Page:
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Patsy Croft’s work is that of an artful alchemist, mixing metals and glass in such a way as to create singular distinction and enchantment to each piece of jewelry she creates. Her meticulous and Cloisonne creations reflect her love for the exotic places where she has spent most of her life. She has spent over fifteen years studying the ancient
art of Cloisonne, influenced by such renowned masters as Renee Lalique, and more recent artists as John Paul Miller and Larissa Rosenstock. Croft loves her work, almost as much as she loves the ocean, from which she draws much of her inspiration. She spent ten years living in Hawaii, exploring the depths of the sea and recreating the spectacular aquatic scenes in her jewelry. “Living in Hawaii when I was beginning enameling
was a huge influence,” explains Croft, “The colors underwater, and the people there provided a lot of flavor.”
A graduate of Florida State University, Croft majored in fine arts, applying her love of drawing in the creation of the templates she uses for her Cloisonne pieces. She also applies the values she learned while studying ancient art in her work ethic. Croft says, “It influences my work because it makes me desire to be quality, to do the best I can possibly do with what I have to present.”
Her job requires an incredible amount of patience,
as each piece can take several weeks to create. She creates a design template from fine silver and 22k and 24k gold, then firing up to twenty-five layers of enamel for each piece.

The process is very tedious and painstaking, with the possibility of failure-cracks or small bubbles within the glass-increasing each time she fires a layer of finely powdered glass. “You’ve got to really love [Cloisonne] to do it, because there is a lot of failure,” says Croft. “It is very unforgiving.” While many of Croft’s pieces share a similar theme, reflections of a life primarily spent living on or near a beach, they are all unique. With the template of each piece being laid out by hand, it’s nearly impossible to create two identical pieces in Cloisonne. And that is just how Croft prefers it.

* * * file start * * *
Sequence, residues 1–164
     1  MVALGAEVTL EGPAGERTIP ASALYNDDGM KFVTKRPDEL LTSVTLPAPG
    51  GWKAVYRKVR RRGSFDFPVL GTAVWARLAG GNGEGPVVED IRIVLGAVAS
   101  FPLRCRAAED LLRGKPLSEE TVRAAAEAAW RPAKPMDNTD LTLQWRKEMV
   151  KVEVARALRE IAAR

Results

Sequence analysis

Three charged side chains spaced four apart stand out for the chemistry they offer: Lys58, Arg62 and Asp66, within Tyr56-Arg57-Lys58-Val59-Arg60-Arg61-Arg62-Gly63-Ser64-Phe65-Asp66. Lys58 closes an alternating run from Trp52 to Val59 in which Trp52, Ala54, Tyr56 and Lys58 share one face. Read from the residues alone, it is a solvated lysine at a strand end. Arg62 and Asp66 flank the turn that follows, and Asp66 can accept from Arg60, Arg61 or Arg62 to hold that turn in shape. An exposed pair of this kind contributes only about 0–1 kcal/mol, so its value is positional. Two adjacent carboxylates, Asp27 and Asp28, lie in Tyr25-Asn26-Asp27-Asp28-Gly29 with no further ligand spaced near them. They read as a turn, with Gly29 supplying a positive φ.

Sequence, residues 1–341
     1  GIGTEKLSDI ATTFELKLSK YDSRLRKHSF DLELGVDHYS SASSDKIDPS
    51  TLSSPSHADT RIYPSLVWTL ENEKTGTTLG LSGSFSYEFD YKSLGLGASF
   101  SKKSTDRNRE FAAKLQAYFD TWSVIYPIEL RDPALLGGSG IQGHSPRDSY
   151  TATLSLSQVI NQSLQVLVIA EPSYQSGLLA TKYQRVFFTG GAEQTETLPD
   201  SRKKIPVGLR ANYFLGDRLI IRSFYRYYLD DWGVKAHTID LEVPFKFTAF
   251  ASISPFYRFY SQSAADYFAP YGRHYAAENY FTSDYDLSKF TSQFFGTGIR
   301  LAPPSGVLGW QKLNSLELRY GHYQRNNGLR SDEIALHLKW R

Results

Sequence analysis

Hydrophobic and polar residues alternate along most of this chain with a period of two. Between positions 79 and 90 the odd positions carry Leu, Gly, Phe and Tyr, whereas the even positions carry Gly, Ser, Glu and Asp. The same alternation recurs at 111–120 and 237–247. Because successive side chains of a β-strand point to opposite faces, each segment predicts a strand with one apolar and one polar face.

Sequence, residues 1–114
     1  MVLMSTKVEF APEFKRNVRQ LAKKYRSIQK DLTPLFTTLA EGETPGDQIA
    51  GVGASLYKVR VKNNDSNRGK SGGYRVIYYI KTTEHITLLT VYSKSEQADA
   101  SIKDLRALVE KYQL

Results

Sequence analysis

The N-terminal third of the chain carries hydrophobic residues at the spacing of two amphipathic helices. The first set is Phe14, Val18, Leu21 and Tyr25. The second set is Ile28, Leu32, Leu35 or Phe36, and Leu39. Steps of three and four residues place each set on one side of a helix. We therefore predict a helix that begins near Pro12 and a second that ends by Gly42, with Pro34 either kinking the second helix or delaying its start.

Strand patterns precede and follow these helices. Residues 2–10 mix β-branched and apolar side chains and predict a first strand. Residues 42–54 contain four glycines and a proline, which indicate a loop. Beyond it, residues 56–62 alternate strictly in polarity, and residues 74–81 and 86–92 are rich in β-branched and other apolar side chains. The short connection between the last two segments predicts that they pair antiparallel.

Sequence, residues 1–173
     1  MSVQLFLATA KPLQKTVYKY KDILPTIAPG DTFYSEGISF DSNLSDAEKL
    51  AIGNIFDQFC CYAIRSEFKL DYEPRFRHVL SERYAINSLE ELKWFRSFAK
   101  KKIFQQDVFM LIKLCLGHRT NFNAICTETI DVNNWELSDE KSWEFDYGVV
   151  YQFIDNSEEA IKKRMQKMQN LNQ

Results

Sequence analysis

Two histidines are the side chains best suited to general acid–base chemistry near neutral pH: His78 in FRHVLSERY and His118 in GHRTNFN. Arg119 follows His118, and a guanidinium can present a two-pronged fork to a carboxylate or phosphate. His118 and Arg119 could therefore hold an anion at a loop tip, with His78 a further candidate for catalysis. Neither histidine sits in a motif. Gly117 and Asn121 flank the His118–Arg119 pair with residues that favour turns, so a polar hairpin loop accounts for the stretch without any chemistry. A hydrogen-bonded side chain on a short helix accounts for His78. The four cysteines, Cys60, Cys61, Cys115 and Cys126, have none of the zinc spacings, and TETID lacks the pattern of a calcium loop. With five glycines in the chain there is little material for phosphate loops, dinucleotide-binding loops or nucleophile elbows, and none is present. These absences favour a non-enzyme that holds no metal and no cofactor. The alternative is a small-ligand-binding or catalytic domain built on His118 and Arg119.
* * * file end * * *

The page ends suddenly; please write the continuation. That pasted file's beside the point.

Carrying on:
“A lot of the work is like painting. You wouldn’t paint the same thing over and over again,” she explains. “I prefer to do something different every single time.”
Another thing that Croft really enjoys with her work is that fact that by creating such different designs each time, it allows her customers to personalize a look that best suits their taste. “When you go shopping, you look for something that is like you and makes you feel good when you wear it. Enamel can adapt and be used to create something to one’s own taste.”
Croft’s exhibited in Hawaii, Grand Cayman, and Sydney, Australia. She has recently been incepted into the Southern Highlands Craft Guild, having been nominated by her peers for her meticulous craftsmanship.

-Laurie Handler with Ali Croft